Monday, May 05, 2008

Dos Passos Notes, &c.


Thinking that that recent rhyme and metric werke (howsoever sloppy and picayune it is) ’s jism’d up (um, defiled) my ear: some entirety of audients commandeer’d to a signal untoward end. Cannot ascertain the usual voices (with they glib basso profundo uproar), source and solace of my “art.” Or, maybe, skeptical of the mired (enforced) regularity of my chatter, they gone off sulking. Oddly, I note how Isola di Rifiuti is approaching Hotel Point’s longevity, its point and moment of collapse. Is there a threshold the brainmeat, rough and perishable, refuses? I doubt it. Every threshold’s deck’d out in its own foul particulars, its flounces and lies. One seeks only a vehicle with a vehicle’s paltry seriatim charms palpable: one hunky catcher with one big “mitt” ’ld suffice (think of Jack Spicer). That is to say: a misfit audience is necessary, a misfit is sufficient; I’d exchange the daily bleating at the forum for the quotidian sneak carte postale to some aficionado of my mess any day (“oh you would not!”) Everybody wants an immoderate breeze (gusty, hortatory, illimit’d) malleable in the hands that receive it, no? That is to say: muss’d hair recombable (if not the eggy top of the cranial dome knock’d off—“Yellow, yellow yellow, yellow!”—I know it is poetry if it’s like a yoke-color’d sun hot in a vat.) (Wherein I seemingly lost the “thread” of my seizure: telephone lines down all throughout Big Muddy, the ditch I call my own.) (Thinking of Emily Dickinson, I bloom’d and swerved into William Carlos Williams.) (Or Sergio Leone.)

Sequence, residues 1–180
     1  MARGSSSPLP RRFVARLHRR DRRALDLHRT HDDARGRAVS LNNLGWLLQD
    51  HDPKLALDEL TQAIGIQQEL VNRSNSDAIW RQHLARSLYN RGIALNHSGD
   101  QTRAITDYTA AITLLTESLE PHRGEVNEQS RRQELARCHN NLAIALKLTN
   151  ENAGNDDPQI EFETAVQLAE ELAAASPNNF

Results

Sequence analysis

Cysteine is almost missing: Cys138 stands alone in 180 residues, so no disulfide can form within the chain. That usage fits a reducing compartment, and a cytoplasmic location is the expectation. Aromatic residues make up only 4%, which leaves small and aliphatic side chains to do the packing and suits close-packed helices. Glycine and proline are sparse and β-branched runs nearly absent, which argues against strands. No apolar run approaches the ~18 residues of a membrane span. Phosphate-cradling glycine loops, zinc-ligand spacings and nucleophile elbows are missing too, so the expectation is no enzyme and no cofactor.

Hot in a hat, out
Hoeing the bean row, aerating
The clayey particulate cake of
It, a summer of no

Rain, no rain in Tokyo.
Nothing to rinse the linen
In, no tub or barrel
Of rainwater off a downspout,

Dry it is in Riyadh.
We keep a lookout for
Signs of clouds, dashing out
With buckets if one skirts

By, quick clouds of Dunkirk.
A cloud in the sky’s
A sty in the eye

Is what the locals say,

Proverbial-tongued locals of Mumbai.
That’s a crowd’d place, how
Local’s local in a place
With a populace of fourteen

Million people? It makes Karachi
Look small. Is that hat
Helping any? That’s a lot
Of beans need’d, and rain.

Who reads Thorstein Veblen these days? Dos Passos’s portrait of him (“a hulking lad with a reputation for laziness and wit . . . Reading he was happy . . . he had a stinging tongue and was famous for the funny names he called people . . . he had a constitutional inability to say yes”) demands—against all the “plump flunkies” and yesmen (and they are everywhere, they flourish particularly in the scoff-coffers of the arts where one’s assumed allegiance to the nays camouflages a terrible thriving industry of village pleasers)--one investigate the author of The Theory of the Leisure Class. Dos Passos, in a beaut of a sentence, begins the acquaintance:
      a greyfaced shambling man lolling resentful at his desk with his cheek on his hand, in a low sarcastic mumble of intricate phrases subtly paying out the logical inescapable rope of matteroffact for a society to hang itself by,
      dissecting out the century with a scalpel so keen, so comical, so exact that the professors and students ninetenths of the time didn’t know it was there, and the magnates and the respected windbags and the applauded loudspeakers never knew it was there.
“He was a man without small talk.” He translated the Laxdaelasaga. Carpenter’d tables and chairs, wrote “slowly at night in violet ink with a pen of his own designing.” “When he lectured he put his cheek on his hand and mumbled out his long spiral sentences, reiterative like the eddas. His language was a mixture of mechanics’ terms, scientific latinity, slang and Roget’s Thesaurus.” Vandyke beard and yellow teeth, women were always falling for him.

Thorstein Veblen, 1857-1929